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April 19, 2021

This Week in Pajaro Valley’s Past, March 12

Compiled by Steve Bankhead

25 years ago on March 9, 1996

Pajaro has developed community spirit in efforts to clean up and rebuild after last year’s flood. A major assist came from “Together in Pajaro” (TIP) organized by Diane Young to guide the effort. One target was the historic Porter Mansion on Bishop Street, damaged by the 1989 quake and again by the flood. Old photos of its gardens will aid in restoring their original beauty, and the mansion will house Pajaro’s new library and senior center. Donated materials and volunteers helped paint businesses on Porter Drive and 110 homes. Pajaro also got its first Christmas visit from Santa, when Watsonville’s longtime Santa Mike Stubblefield came to  town. TIP also organized a drop-in recreation program at its Salinas Road headquarters, with a $10,000 Monterey County grant, and dozens of computers from the PV School District for after school computer training. TIP also organized a recent carnival and car show. 

50 years ago on March 11, 1971

A 16-year-old is without a dog after paying $36 in fees for a female greyhound at the county animal shelter two weeks ago. The dog was “repossessed” without warning by the dog’s original owner who arrived unexpectedly at the home of Bruce Stoner. He told the boy’s mother he was “from the shelter and came to take the dog for a walk” after she went to investigate a noise and found two men unchaining the dog and removing it in their car. According to shelter manager Jim Uding, the dog’s previous owner had the right reacquire the pet if they changed their mind within 30 days, but the original owner is also required to reimburse the new owner for any paid fees, which can include costs for spaying, neutering and vaccinations, plus $1 a day for feeding expenses. Uding said Stoner would be reimbursed for the spaying and others costs, but their son will be left without his dog. 

75 years ago on March 12, 1946

The Pajaronian has been “undermanned” due to staff being in the service during the war, but “This ‘n That” editor Fred Jenkins said some have returned. Howard Sheering came to work at the Morning Register in 1931, and then with the Pajaronian after the 1937 consolidation. He now has returned to work the city desk after four years at the Kaisar Shipyard in Richmond adding to the war fleet. Watsonville native Frank Osmer has been with us several months after combat service in Europe where he was discharged as an army First Lieutenant. He will now continue to handle sports and local news with a new title “county” editor, by covering neighboring cities and supervisor meetings. The important proofreading job is still being handled by my “better half” Esther Jenkins. She joined the staff in 1943. As for me, I’ll keep overseeing the entire work as “This ‘n That” editor.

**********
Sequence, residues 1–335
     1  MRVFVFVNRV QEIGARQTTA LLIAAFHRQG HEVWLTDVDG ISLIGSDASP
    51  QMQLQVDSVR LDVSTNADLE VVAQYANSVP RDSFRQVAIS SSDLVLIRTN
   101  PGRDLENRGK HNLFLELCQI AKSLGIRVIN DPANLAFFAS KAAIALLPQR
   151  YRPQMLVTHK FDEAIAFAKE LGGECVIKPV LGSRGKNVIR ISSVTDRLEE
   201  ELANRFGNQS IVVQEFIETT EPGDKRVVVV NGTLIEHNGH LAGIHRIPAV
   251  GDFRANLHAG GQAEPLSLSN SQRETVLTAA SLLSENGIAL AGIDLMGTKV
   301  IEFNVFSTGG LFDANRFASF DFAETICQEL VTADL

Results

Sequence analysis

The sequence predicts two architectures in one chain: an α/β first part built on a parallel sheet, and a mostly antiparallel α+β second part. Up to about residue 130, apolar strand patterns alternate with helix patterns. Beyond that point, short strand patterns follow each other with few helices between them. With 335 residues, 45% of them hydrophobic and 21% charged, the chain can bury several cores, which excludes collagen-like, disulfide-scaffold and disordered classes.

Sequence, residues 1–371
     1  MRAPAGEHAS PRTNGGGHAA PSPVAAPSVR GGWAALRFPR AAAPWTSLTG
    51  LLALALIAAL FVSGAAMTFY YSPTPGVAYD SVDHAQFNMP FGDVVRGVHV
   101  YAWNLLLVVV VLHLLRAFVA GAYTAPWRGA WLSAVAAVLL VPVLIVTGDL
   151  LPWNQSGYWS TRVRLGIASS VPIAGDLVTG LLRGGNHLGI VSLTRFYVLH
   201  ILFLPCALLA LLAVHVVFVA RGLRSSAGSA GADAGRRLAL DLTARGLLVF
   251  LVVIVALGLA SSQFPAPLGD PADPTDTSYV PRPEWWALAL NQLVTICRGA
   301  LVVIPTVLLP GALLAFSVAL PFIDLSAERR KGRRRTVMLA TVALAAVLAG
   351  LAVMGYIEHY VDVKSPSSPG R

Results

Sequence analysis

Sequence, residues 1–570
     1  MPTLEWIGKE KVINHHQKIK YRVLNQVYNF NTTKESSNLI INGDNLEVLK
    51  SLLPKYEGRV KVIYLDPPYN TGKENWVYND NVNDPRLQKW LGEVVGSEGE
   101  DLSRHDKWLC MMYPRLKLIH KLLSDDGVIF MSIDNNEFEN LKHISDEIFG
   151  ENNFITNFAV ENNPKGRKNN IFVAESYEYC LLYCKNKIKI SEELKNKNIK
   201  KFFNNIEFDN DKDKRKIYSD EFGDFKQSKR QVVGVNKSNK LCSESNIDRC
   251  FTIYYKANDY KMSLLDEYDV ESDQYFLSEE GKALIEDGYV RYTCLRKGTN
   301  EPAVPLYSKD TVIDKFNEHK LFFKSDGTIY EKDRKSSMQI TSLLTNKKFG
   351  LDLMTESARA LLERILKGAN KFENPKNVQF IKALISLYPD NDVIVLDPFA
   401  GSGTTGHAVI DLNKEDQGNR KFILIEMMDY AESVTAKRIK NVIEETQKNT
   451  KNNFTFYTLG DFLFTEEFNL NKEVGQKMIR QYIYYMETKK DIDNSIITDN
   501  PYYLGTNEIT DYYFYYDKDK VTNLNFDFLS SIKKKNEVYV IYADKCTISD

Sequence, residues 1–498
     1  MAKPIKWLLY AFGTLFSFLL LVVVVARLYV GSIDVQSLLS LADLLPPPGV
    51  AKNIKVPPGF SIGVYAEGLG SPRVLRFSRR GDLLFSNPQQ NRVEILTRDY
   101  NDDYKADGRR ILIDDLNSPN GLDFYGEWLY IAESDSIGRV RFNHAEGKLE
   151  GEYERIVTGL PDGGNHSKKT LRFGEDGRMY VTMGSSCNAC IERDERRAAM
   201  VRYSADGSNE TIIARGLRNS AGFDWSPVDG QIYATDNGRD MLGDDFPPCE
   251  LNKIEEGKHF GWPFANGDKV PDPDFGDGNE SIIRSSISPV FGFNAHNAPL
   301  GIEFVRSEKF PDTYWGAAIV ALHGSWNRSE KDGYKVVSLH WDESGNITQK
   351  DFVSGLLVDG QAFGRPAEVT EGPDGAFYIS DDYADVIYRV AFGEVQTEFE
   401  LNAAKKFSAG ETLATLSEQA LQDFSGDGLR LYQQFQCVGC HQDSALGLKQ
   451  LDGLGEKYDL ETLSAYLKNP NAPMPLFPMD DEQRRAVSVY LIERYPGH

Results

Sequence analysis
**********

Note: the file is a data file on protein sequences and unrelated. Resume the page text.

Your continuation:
100 years ago on March 12, 1921

A Pajaronian reporter visited the Third Street office of James Copeland today and found him operating a queer looking contrivance made of glass, through which ran a stream of dark liquid. Inquiry developed the fact the machine was a U.S. government test retort to demonstrate the extraction of oil from shale, and Mr. Copeland showed the reported it’s possible to take a few handfuls of shale rock and produce an astonishing amount of paraffin oil and illuminating gas. The latter is lit and burns merrily away while the “black gold” is streaming into a glass container. The shale is shipped here from Debeque, Colorado, where a plant is to be built to manufacture oil in vast quantities. The small test retort was brought to Watsonville for exhibition purposes. The reporter wondered if the apparatus could be used for brewing any cheering beverages. If so, there’s a moonshine still on West Third Street.


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